We welcome and encourage all members of the MIT community. Questions of AI ethics span engineering, humanities, business, and the sciences, so the more perspectives and thoughtful participants, the better! We expect all reading group members to conduct themselves in a respectful, inclusive, and considerate manner.
Irene Chen is a PhD student at MIT in EECS in the Clinical Machine Learning Group. Her research focuses on building machine learning methods that to solve questions in health care and fairness. Before MIT, she received her AB/SM from Harvard and worked at Dropbox for two years as a Data Scientist, Machine Learning Engineer, and Chief of Staff. In her free time, she enjoys broccoli and long distance running.
Leilani H. Gilpin is a PhD student in Electrical Engineering and Computer Science at MIT. Her area of focus is explanatory artificial intelligence, which enables autonomous vehicles, and other autonomous machines to explain themselves. She is currently working on a Toyota Research Initiative Project, “The Car Can Explain!” in the Computer Science and Artificial Intelligence Lab under the supervision of Professor Gerald Jay Sussman. Before returning to academia, Leilani worked at Palo Alto Research Center (PARC) and earned a M.S. from Stanford University and a B.S. in Mathematics (with honors), B.S. in Computer Science (with highest honors), and a music minor from UC San Diego in 2011.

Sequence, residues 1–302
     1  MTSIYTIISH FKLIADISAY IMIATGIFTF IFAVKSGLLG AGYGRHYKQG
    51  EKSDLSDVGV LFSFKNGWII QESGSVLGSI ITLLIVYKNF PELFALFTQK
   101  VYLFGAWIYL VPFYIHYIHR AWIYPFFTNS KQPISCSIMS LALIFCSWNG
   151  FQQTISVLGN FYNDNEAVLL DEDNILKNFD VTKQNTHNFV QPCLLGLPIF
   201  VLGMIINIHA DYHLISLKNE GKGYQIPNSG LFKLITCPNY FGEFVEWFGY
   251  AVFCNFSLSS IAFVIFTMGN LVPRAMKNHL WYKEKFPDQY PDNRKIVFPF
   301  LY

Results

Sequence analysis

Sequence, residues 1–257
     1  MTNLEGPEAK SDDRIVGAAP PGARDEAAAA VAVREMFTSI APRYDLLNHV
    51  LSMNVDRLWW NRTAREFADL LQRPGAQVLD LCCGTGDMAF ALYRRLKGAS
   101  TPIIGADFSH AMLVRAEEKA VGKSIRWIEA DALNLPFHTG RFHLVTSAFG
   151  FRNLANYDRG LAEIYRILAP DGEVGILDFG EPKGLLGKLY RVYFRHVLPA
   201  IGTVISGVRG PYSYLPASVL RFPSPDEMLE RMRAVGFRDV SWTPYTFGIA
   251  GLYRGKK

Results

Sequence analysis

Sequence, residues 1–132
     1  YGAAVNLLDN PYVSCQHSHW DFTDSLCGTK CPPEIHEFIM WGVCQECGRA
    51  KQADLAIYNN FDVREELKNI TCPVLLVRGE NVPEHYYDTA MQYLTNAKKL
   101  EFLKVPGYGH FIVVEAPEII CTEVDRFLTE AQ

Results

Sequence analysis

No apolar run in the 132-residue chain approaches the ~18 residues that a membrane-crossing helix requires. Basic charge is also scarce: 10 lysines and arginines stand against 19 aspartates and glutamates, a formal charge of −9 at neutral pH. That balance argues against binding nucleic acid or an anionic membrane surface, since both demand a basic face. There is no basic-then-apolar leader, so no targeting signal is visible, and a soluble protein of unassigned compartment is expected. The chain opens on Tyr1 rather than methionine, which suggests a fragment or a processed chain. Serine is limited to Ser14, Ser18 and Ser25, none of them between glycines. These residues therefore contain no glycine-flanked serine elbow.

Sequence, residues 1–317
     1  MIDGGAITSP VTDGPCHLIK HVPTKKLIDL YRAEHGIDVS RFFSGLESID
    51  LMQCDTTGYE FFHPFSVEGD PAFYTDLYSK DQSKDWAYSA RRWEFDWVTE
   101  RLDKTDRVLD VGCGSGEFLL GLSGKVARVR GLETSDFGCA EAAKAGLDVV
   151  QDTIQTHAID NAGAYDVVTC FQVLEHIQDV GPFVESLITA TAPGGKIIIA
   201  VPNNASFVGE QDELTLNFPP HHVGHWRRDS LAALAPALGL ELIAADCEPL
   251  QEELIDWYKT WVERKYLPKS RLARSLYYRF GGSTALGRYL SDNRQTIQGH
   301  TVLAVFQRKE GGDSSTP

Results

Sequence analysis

Harini Suresh is a PhD student in EECS at MIT. She's particularly interested in the complications and societal implications that arise when machine learning is used with imperfect real-world data. Harini did her undergrad and M.Eng. at MIT as well, and worked on developing interpretable methods for predicting onset and weaning of invasive interventions for patients in Intensive Care Units. She also likes photography and making/eating bread.
Bernardo Aceituno is an SM student in Mechanical Engineering at MIT. His research interests lie in the area of robotic manipulation. In particular, he studies applications of optimization and AI to mitigate the effects of uncertainty in precise and safe manipulation tasks. Bernardo did his undergrad at Universidad Simon Bolivar (USB), Venezuela, where he worked on locomotion of quadruped robots over rough terrains, also in collabaoration with Toyota Research Institute (TRI) and Istituto Italiano di Tecnologia (IIT).